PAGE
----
Urban space is the site for capital circulation and accumulation, as David Harvey argues. Capitalism and power structures transform our cities through development imperatives of time and space, or “time-space,” with a sometimes negative effect on daily life. This process is reproduced in the urban construction, especially in the phenomenon of Chinese urban renewal, which is driven principally by the quest for economic benefit. Therefore, the position of the architect is characterized by a duality: instrumental or critical. In serving official development agendas, the architect’s role is instrumental. In using other criteria to study and intervene in the city, however, the architect takes a critical stance.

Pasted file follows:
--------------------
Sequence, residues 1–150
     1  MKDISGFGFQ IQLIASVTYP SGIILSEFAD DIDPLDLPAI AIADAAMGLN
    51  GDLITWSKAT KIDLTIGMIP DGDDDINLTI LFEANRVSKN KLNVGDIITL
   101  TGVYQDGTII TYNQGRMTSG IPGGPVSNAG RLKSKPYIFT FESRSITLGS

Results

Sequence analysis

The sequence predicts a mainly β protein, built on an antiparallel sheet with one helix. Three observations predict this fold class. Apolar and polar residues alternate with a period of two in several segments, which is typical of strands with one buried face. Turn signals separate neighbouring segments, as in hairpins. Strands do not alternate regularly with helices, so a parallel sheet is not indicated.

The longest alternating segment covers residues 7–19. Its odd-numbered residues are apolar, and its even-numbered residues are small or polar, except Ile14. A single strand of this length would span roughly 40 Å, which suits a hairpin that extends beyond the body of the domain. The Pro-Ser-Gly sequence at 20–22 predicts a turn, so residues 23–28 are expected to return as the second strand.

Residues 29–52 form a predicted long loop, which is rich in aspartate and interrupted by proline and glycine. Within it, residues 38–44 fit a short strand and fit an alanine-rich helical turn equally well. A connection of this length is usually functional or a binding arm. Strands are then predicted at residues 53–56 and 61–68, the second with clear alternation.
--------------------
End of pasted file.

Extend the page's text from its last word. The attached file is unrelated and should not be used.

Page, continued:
Rethinking Urban Renewal, curated by architect Yin Yujun, exhibits a selection of projects by Chinese architects and urban designers that speak to the theme of UABB 2015, Re-living the city. Rather than simply following conventional solutions for urban development, the selected projects reflect various ideas to “remake” city life in innovative ways. In addition to work by Yin’s Projective Architecture Office (Shenzhen), the exhibit includes work by Meta Project (Beijing), Jiwu Architecture Studio (Hangzhou), Fei Architecuture (Shanghai), FCHA (Shenzhen), LanD Studio (Nanjing), and Xuhaohao Architecture Office (Guangzhou).These practices embrace the extreme speed of the urbanization process in China, but also provide a critical position relative to it. They question the instrumentality of architecture in defining urban form and daily life, and seek to uncover unique qualities within each urban context. The exhibition thus suggests an architecture that serves people and daily life. In addition, it offers a horizontal comparison and cross-section of possibilities throughout the country, to reveal the issues involved in Chinese urban redevelopment—and the potential for alterative solutions.